Students from Gilbert High take turns volunteering at the Mercadito.
Lara said some examples of the food they receive are avocados, limes, broccoli, milk, eggs, yogurt, bread and grains like oatmeal. In addition, they also receive beans, rice and meat products like chicken and beef. “Sometimes we also receive vegetarian meat products and tofu,” Lara said.
Currently, the pantry has the capacity to serve 150 families. A larger number of families can be served once they expand their availability. Families can enroll by completing a simple intake application. There are no income requirements to be able to qualify for this resource. Pantry office hours for application support are Mondays from 8 to 9 a.m. and Wednesdays from 1:30 to 2:30 p.m. Currently, Gilbert Mercadito’s goal is to continue serving the community even during summer break.
As principal of Gilbert High School, Lara is truly proud to help 600 students reach their full potential by connecting them with the resources they need. It doesn’t matter if it’s food, schedule flexibility, or dental assistance, Lara is working hard to ensure the students stay on track.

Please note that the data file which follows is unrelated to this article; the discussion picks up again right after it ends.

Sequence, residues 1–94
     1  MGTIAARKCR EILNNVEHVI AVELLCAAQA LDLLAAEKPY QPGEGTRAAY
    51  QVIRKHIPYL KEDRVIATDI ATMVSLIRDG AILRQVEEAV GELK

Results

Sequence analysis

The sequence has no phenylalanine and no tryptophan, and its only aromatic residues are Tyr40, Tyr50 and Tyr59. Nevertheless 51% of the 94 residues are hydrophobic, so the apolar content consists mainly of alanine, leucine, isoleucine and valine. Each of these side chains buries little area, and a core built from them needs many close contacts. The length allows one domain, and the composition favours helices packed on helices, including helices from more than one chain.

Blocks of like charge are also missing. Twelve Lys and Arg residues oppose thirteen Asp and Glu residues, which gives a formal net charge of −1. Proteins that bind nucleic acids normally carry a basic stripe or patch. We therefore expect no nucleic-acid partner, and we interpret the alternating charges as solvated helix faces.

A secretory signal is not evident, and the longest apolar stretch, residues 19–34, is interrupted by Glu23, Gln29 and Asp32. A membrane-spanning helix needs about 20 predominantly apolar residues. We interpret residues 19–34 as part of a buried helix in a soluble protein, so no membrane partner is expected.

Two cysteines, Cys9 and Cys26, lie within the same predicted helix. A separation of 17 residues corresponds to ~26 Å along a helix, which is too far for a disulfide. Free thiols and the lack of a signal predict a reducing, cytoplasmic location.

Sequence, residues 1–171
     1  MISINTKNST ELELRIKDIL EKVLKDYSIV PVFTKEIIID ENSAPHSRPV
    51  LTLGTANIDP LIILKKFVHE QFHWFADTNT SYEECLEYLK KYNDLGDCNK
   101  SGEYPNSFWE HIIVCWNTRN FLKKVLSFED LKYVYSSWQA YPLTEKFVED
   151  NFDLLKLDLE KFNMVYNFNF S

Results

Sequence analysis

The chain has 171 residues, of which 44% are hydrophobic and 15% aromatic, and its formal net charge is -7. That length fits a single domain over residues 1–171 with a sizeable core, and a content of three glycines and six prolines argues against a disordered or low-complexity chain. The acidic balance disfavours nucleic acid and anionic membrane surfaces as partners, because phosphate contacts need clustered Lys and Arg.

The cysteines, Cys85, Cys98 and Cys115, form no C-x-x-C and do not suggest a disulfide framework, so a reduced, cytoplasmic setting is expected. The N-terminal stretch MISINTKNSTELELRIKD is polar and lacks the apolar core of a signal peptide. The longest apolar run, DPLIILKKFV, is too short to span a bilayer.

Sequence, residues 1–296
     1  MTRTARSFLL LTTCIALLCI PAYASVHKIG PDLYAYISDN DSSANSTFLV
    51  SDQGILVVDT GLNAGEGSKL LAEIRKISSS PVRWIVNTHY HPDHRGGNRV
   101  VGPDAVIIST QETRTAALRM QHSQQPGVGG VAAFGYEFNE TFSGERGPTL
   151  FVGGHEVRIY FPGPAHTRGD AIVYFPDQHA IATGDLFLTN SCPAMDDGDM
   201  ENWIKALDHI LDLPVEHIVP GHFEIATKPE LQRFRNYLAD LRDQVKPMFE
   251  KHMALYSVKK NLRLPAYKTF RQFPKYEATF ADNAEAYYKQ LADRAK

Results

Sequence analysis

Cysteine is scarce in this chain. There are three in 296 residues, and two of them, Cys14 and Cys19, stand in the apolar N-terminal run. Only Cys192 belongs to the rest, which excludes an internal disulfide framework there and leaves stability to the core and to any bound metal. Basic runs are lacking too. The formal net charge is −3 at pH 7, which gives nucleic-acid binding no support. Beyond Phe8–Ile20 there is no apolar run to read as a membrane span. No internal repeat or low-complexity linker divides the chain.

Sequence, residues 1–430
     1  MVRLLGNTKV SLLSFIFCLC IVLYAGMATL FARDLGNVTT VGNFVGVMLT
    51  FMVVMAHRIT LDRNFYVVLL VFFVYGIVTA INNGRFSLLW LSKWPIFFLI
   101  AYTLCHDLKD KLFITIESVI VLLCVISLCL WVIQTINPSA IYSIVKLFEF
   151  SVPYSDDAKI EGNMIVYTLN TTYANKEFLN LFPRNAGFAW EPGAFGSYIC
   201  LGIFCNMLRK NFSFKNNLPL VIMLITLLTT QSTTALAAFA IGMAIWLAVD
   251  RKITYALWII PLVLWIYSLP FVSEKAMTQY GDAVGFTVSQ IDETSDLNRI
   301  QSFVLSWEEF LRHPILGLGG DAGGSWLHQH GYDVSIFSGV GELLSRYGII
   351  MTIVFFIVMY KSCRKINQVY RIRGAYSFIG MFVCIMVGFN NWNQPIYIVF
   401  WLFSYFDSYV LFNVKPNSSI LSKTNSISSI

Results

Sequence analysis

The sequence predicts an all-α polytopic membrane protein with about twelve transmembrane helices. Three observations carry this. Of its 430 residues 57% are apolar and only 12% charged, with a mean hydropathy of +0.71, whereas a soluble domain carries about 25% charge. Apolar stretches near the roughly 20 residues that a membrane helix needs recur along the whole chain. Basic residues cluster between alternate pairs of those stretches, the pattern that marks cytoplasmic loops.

Gilbert H.S. is a continuation school and most students are behind in their credits needed to graduate. Most students are there because they have emotional needs, food insecurity, housing problems or family problems. “A student who struggles at home also struggles academically,” Lara said.
Gilbert Mercadito was developed because the school saw that it was a resource that the community needed. “87% of our students are identified as having food scarcity at home, and that’s an alarming number. Also, 93% of our students are ‘unduplicated’ pupils and that’s education thought for either low-income, foster youth, homeless, special education students or all the groups that we typically look at, and for one reason or another they have a disadvantage that a lot of other families don’t have,” Lara said.